• Introduction: Therapeutic Culture

      Apperley, Alan; Jacobs, Stephen; Jones, Mark (Linköping University Electronic Press, 2014-10-1)
    • Public Relations and Discourses of Professionalisation

      Williams, Sarah; Apperley, Alan (Tritonic, 2009-11-01)
    • Revisiting Dearing: Higher education and the construction of the 'belabored' self

      Apperley, Alan (Linköping University Electronic Press, 2014-10-01)
      Several authors have identified a 'therapeutic turn' in education in the UK, at all levels of the system. In this paper I focus on and develop this claim, specifically in relation to the Higher Education sector. I seek to do two things: First, I argue that the 'self' which is identified by commentators on the therapeutic turn needs to be reworked in the direction of McGee's idea of the 'belabored' self. This is because the therapeutic turn serves, I argue, a set of wider economic goals arising from the restructuring of capitalism which followed in the wake of the oil crisis of 1973 and the subsequent breakdown of the post-war (1939-1945) consensus around the purpose of public policy, of which education is an important part. Second, I revisit an important document in the history of the UK Higher Education sector: the National Committee of Inquiry Into Higher Education's 1997 report Higher Education In The Learning Society (known popularly as the Dearing Report, after its chair, Sir Ron Dearing). I argue that that the committee's ambition to bring about a learning society characterised by lifelong learning played an important and neglected part in bringing about the therapeutic turn in higher education in the UK. The project of creating a learning society characterised by lifelong learning, advocated by the Dearing Report, should properly be recognised as an exhortation to embark upon a lifetime of labouring upon the self.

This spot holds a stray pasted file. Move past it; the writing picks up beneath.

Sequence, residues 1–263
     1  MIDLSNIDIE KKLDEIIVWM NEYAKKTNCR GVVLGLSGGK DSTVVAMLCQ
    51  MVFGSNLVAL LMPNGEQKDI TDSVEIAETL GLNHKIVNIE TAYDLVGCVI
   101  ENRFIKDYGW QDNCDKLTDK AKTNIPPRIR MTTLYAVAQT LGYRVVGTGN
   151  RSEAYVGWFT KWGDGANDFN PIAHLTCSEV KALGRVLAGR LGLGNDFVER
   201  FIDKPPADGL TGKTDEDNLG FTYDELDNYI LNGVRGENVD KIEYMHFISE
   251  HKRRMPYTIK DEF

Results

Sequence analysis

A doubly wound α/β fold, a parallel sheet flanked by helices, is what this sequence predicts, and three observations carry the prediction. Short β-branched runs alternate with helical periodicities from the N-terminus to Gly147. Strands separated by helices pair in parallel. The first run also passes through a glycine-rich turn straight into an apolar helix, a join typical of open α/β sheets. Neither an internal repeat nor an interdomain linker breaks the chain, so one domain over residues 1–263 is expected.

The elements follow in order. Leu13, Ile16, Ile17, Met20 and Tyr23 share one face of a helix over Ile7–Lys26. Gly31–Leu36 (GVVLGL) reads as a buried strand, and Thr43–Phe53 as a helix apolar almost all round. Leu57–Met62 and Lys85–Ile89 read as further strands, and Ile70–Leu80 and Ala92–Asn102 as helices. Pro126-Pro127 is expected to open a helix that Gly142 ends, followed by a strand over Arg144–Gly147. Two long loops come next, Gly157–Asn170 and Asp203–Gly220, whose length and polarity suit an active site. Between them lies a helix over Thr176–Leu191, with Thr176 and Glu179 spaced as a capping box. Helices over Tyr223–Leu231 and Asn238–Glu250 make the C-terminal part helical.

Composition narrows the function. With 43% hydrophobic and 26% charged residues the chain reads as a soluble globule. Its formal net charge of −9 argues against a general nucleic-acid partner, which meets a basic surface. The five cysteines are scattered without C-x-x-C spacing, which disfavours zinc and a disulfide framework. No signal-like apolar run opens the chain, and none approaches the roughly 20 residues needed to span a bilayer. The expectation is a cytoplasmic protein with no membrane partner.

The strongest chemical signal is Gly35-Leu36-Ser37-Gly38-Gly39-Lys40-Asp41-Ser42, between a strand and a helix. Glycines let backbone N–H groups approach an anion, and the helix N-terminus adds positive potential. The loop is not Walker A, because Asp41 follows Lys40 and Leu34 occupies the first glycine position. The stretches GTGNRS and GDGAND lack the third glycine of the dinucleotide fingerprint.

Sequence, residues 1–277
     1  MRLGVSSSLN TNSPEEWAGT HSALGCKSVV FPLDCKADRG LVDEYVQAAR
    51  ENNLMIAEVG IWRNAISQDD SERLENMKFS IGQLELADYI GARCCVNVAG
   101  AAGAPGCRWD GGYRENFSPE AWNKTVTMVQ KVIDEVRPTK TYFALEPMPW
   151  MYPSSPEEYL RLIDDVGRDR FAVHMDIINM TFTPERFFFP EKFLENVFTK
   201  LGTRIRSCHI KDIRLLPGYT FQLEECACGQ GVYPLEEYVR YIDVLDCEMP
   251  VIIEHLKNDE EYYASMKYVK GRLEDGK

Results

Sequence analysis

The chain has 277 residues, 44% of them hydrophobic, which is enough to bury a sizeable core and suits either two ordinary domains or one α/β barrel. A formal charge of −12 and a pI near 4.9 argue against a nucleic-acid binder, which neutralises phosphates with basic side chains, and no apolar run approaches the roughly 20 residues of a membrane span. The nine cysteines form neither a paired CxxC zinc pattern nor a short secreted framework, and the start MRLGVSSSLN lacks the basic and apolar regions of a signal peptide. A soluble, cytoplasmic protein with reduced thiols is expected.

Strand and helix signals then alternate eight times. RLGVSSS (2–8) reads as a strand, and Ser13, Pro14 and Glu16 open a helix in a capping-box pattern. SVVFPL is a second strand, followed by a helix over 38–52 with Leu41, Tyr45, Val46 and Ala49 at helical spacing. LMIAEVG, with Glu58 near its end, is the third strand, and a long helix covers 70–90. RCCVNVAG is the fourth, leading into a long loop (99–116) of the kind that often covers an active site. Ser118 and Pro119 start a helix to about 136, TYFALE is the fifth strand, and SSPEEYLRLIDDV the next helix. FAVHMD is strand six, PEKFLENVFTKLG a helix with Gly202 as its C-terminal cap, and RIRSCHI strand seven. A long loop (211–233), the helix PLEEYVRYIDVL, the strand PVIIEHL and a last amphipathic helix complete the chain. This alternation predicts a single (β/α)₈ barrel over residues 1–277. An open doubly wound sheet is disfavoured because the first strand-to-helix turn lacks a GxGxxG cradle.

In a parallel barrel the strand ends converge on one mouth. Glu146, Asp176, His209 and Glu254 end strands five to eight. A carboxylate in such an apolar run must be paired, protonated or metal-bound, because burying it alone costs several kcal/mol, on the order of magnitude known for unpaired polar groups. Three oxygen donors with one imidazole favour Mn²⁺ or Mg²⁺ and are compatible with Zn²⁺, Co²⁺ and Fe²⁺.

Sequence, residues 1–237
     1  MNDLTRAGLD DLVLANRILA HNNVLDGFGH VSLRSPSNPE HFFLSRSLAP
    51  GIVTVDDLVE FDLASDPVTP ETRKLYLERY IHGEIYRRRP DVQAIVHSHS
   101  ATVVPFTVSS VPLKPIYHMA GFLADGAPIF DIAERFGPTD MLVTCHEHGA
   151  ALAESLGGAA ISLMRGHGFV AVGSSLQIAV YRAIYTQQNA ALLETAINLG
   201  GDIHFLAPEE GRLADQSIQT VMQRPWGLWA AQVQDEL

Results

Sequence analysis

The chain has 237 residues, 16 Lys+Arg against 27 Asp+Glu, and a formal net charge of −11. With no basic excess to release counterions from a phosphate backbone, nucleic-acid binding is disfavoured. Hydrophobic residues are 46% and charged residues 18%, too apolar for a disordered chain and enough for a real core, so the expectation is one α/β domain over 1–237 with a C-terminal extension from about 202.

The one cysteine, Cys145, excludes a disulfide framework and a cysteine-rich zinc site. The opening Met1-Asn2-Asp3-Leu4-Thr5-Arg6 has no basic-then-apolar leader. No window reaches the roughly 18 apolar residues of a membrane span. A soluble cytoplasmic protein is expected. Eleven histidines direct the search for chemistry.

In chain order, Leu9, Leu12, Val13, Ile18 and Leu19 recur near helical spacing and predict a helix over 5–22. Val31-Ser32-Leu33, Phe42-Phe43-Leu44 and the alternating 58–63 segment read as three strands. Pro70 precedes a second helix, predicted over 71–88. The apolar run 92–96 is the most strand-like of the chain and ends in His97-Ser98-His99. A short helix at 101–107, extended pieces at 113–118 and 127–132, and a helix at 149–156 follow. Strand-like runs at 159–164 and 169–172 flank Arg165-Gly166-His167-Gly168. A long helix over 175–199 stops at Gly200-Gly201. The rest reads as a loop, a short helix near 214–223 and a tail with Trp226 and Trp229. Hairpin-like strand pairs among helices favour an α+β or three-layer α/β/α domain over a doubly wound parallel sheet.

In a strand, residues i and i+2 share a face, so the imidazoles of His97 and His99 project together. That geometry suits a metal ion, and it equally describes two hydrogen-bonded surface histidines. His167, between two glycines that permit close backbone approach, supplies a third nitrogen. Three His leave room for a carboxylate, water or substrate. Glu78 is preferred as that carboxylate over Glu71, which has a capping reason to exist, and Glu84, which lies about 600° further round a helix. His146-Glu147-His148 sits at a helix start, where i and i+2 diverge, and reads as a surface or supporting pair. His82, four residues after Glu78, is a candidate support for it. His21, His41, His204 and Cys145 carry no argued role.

• Risk-Aversion or Ethical Responsibility? Towards a New Research Ethics Paradigm

      Jacobs, Stephen; Apperley, Alan; University of Wolverhampton; University of Wolverhampton (Equinox, 2018-03-13)
      Ethics seems to be of increasing concern for researchers in Higher Education Institutes and funding bodies demand ever more transparent and robust ethics procedures. While we agree that an ethical approach to fieldwork in religion is critical, we take issue with the approach that ethics committees and reviews adopt in assessing the ethicality of proposed research projects. We identify that the approach to research ethics is informed by consequentialism – the consequences of actions, and Kantianism – the idea of duty. These two ethical paradigms are amenable to the prevailing audit culture of HE. We argue that these ethical paradigms, while might be apposite for bio-medical research, are not appropriate for fieldwork in religion. However, because ethics should be a crucial consideration for all research, it is necessary to identify a different approach to ethical issues arising in ethnographic research. We suggest that a virtue ethics approach – concerned with character – is much more consistent with the situated, relational and ongoing nature of ethnographic research.